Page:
“It would be uncharacteristic of him to stay after what happened. I mean, he outgrew Gotham a long time ago. Still he gave the city a second chance and what did he receive in return? Nothing but further trauma.”
“Have you spoken to Gordon yet?”
Batman shakes his head. “I don’t know if I can ever look him in the eyes again. I’ve failed him, Selina."
Selina rubs his back in consolation. The wind seems to be picking up, again in their favor, pushing them along faster toward the destination.
“We’ll find Joker,” Selina says. “He is too attached to that warehouse. Besides, we’ve gone through every other possible site. We’ll find him and make him pay for what he’s done.”
“Selina, there are lines we can’t cross…” Batman says.
“There are ways to make him suffer without necessarily crossing the line. But you knew that already. You’re Batman — practically, the master of torture. Joker shouldn’t get a pass just because he’s insane.”
“That’s not the point! It’s true that I’ve always used torture. It can be a useful tool for interrogation, but I never let it be an end in itself.”
“You’ll hate me for saying it but maybe you should reconsider your principles this one time.” Selina looks away and stares at the waves splashing and dissipating against the rocky shore. “The city is changing, Bat. Maybe it’s time our principles changed too.”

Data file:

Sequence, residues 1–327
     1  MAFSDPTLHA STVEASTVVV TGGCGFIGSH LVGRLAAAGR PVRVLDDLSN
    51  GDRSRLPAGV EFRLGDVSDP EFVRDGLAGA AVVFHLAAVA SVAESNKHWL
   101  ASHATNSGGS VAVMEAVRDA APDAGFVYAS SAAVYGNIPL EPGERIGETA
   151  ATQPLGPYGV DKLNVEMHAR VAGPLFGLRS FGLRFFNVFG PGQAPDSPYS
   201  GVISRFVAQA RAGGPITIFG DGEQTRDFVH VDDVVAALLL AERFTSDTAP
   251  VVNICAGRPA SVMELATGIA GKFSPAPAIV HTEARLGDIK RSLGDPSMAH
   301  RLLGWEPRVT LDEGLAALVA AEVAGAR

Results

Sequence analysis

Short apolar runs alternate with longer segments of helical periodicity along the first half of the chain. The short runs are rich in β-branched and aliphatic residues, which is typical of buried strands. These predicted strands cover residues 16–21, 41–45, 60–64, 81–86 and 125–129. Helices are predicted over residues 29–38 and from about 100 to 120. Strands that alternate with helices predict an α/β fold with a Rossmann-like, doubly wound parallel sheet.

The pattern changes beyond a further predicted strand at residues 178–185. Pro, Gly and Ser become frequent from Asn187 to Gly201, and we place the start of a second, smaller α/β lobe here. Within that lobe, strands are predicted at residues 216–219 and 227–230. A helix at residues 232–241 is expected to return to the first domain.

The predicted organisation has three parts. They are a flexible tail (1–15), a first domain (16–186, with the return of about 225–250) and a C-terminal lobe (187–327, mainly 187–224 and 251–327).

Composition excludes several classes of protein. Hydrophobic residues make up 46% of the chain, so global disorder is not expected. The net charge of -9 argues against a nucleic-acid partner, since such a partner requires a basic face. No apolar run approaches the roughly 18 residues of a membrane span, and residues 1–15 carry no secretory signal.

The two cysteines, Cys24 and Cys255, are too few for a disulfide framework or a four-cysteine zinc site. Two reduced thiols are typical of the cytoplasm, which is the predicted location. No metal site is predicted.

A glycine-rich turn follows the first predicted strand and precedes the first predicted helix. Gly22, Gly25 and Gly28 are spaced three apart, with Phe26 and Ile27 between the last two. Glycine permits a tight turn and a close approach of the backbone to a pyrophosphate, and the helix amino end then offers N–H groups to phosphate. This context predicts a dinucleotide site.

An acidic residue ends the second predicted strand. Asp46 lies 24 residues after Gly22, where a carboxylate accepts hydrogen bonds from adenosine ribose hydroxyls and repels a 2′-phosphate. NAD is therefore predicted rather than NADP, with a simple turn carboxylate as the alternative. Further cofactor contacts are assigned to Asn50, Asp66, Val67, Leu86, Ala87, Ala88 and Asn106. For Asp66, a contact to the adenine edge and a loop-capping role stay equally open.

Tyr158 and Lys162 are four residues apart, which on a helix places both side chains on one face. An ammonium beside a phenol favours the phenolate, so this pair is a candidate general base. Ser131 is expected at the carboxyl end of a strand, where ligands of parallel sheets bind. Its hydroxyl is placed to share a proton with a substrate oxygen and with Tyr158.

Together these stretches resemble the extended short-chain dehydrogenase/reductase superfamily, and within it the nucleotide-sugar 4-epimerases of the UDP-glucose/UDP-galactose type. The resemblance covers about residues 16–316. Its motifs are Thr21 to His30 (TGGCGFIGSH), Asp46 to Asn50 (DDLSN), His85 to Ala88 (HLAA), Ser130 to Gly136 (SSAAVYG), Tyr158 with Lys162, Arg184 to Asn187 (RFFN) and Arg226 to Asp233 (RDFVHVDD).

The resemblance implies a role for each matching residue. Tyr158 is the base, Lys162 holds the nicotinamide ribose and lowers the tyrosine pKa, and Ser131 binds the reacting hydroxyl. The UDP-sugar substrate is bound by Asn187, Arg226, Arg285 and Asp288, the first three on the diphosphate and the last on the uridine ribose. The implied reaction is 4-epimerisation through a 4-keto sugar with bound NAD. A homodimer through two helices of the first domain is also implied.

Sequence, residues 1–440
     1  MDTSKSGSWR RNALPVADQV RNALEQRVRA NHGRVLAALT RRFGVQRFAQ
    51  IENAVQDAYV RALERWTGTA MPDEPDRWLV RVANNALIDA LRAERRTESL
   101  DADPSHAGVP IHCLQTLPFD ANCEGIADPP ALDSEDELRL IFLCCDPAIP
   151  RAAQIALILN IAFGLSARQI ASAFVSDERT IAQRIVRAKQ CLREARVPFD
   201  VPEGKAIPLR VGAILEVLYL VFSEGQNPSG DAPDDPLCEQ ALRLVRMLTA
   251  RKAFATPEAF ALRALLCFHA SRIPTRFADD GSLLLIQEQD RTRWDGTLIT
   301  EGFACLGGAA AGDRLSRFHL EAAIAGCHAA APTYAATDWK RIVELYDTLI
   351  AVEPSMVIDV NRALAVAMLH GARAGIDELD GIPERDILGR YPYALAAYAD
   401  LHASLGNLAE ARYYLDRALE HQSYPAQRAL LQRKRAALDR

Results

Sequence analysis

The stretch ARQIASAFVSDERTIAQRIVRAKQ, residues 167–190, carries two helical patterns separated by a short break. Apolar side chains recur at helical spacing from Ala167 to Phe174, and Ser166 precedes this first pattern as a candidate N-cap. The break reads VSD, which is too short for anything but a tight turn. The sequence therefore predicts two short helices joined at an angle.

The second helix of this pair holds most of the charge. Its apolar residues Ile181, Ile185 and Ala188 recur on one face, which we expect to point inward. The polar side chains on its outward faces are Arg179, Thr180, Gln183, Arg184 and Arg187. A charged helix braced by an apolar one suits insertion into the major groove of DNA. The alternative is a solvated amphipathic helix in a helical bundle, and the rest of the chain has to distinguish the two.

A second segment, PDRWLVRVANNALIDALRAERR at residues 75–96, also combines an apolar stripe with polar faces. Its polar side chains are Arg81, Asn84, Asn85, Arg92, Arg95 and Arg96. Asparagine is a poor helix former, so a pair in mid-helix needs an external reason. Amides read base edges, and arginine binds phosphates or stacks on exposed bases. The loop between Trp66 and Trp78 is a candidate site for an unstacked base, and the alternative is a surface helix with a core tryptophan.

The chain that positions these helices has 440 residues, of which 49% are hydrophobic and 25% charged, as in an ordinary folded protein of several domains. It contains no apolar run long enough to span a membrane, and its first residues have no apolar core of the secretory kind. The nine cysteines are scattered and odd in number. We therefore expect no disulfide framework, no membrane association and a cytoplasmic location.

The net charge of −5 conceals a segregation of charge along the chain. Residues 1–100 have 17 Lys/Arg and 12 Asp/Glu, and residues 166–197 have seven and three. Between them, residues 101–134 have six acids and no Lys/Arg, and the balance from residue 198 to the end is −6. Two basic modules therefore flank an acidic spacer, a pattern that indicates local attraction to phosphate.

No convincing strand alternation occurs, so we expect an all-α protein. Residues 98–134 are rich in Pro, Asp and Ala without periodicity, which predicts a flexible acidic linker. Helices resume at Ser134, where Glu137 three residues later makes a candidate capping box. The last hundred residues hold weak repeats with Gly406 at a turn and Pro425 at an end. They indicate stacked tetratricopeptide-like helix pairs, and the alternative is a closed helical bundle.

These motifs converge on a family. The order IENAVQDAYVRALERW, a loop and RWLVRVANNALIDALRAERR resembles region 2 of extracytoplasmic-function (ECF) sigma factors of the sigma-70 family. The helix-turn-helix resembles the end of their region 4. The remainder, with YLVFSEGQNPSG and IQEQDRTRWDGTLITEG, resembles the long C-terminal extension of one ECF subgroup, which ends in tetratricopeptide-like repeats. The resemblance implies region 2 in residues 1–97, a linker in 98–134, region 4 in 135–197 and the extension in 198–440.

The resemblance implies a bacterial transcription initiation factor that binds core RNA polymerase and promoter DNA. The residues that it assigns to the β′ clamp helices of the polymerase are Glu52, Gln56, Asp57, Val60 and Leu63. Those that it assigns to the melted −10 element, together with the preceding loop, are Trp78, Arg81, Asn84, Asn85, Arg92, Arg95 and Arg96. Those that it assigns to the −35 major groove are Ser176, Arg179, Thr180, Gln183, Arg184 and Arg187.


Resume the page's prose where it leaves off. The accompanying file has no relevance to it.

For the remainder of the journey they don’t speak. Once the boat hits the shore, they pay up Old Jimmy, instructing him to sail back to the town.
“I can stay, if you want. I’ll give you a discount on the waiting charge,” Old Jimmy proposes.
“You should leave for your own safety. We don’t know how Joker will react to being found,” says Batman.
“If you say so.” Old Jimmy sighs and pushes his boat around.
Selina puts her hood back on. “There it is,” she says, pointing to the two warehouses situated parallel to each other. There is weed growing on and around all of them. The roofs have almost broken down. But one of them stands out. In the moonlight, its walls look a rusted green. “I think we know the amateur who did the paintjob.”
Batman's eyes dart around the scene. The sand covering the shore has dampened because of the weather. There are clear footprints of one person roaming the area. The shore is also overflowing with pine cones — some of them whole and others dismantled to the core. "So, that's how he has been surviving," Batman thinks, staring into a semi-circle of dark and old pine trees that encloses the area. Batman kneels down to get a better look at one of the cones. He smirks. The cone looks fresh and green, and dented on one side. It has only recently been harvested. "We got him."